NEW DELHI: By-elections are, broadly speaking, not even footnotes in politics, expected to land in ruling party kitty or the local satrap, representative of nothing significant. But Anna Hazare's picking ofHissar Lok Sabha bypoll as his debut in 'referendum' politics has raised an alarm that he is looking to do a Jabalpur bypoll in Haryana.

Congress lost Jabalpur bypoll in 1974, which became an inflection point for the anti-Congress movement under the late Jaiprakash Narain. The victory for a young Sharad Yadav was seen as the beginning of Congress' decline and thus imparted a momentum to Opposition's campaign leading to the imposition of Emergency and, subsequently, the first-ever defeat of Congress in LS polls.

Hazare's wading into the Hissar battle has added excitement to an election whose only highlight was the ego battle between the volatile sons of arch-rivals Congress rebel Bhajan Lal and Jat strongman Om Prakash Chautala. Congress is a marginal player here.

Having made no bones about targeting Congress, Hazare could not have picked his battleground in "referendum on Lokpal" politics better. It is Bhajan Lal stronghold with strong presence of non-Jat voters. Added to it is the anger among dalits, traditional Congress supporters, who are seething with anger over the atrocities committed by Jats at Mirchpur. The sessions court recently acquitted several accused,.

The opposition too has consolidated around defeating Congress. BJP's decision to back Kuldeep Bishnoi in his father Bhajan Lal's borough would supplement his non-Jat base with saffron pockets of influence. Ajay Chautala is looking to corner Jats and some other groups. That only adds to the problems of Congress in a seat it has won only thrice after Emergency.

The likely Congress defeat already has rival strategists plan to hold it up as a verdict on Hazare's call, a perfect launchpad for coming polls in Uttarakhand and Punjab and later Uttar Pradesh. Given the Gandhian's attempt to start a pan-Indian poll campaign against Congress, the latter has begun to outline a larger strategy influenced by the humbling lessons from the political botch up at Ramlila Maidan.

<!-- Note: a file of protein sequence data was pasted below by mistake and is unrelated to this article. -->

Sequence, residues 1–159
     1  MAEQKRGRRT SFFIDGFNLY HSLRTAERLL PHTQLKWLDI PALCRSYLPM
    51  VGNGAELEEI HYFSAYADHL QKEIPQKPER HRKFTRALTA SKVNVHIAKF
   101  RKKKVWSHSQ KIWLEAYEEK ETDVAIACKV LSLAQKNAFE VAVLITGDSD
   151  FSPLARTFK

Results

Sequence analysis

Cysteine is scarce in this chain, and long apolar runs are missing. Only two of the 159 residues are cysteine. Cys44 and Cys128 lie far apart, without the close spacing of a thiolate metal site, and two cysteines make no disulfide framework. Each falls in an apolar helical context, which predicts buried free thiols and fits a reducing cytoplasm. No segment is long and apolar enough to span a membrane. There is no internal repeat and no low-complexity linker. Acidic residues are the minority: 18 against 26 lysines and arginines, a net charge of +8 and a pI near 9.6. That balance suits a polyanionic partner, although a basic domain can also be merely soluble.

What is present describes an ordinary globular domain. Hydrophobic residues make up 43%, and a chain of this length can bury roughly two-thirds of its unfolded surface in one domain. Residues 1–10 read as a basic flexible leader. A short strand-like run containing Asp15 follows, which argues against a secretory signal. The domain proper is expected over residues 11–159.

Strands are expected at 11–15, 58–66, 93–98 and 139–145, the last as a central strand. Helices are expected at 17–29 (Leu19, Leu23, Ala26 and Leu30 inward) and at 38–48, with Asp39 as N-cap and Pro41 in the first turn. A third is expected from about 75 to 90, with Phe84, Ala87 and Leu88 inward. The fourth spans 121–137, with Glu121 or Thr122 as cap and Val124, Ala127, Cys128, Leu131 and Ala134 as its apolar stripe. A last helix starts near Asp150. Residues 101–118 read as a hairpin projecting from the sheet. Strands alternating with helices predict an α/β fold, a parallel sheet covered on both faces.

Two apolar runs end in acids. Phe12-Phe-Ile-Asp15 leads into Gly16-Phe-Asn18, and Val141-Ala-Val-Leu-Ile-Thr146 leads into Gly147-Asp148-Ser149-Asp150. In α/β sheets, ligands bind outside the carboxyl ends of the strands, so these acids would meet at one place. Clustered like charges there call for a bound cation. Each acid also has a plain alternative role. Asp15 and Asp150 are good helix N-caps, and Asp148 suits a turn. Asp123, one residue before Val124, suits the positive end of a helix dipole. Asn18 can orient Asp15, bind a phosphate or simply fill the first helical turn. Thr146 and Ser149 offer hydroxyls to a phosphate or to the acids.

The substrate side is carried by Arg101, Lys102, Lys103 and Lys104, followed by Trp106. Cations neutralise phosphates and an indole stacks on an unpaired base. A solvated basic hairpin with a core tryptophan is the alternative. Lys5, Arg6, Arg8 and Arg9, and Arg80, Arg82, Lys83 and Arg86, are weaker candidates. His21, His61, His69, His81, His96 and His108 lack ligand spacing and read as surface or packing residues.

AICC spokesman Manish Tiwari refused to be drawn in the Hazare-Hissar debate, saying, "We contest every election with full energy and humbly accept the mandate. But we will try our best to win people's confidence."

Can Hissar be to Hazare what Jabalpur was to JP is an open question. Observers say it is too early to predict but add there is little doubt about the Gandhian's gameplan. "Else, how could the man from rural Maharashtra zero in on a far removed pocket in Haryana hinterland? The assurance of Congress defeat in the state it rules and the backdrop of still unraveling scams at the Centre has the potential to trouble the ruling party way beyond one state," a veteran said.

The power of bypolls would be back on test. While Congress can argue that Hissar was not its seat for the loss to signify much, it would up be up to Hazare how much can he portray the defeat as a referendum on the lead UPA player.

Only of marginal significance usually, by-elections in the past have troubled entrenched politicians and parties. Recently, the defeat of Mulayam Singh Yadav's daughter-in-law in Ferozabad only months after LS polls spread unprecedented negativity about Samajwadi Party while giving a legup to Congress looking to revive itself in UP. It has taken a while for SP to reverse the equations with some positive response for Akhilesh Yadav in his ongoing 'kranti rath'.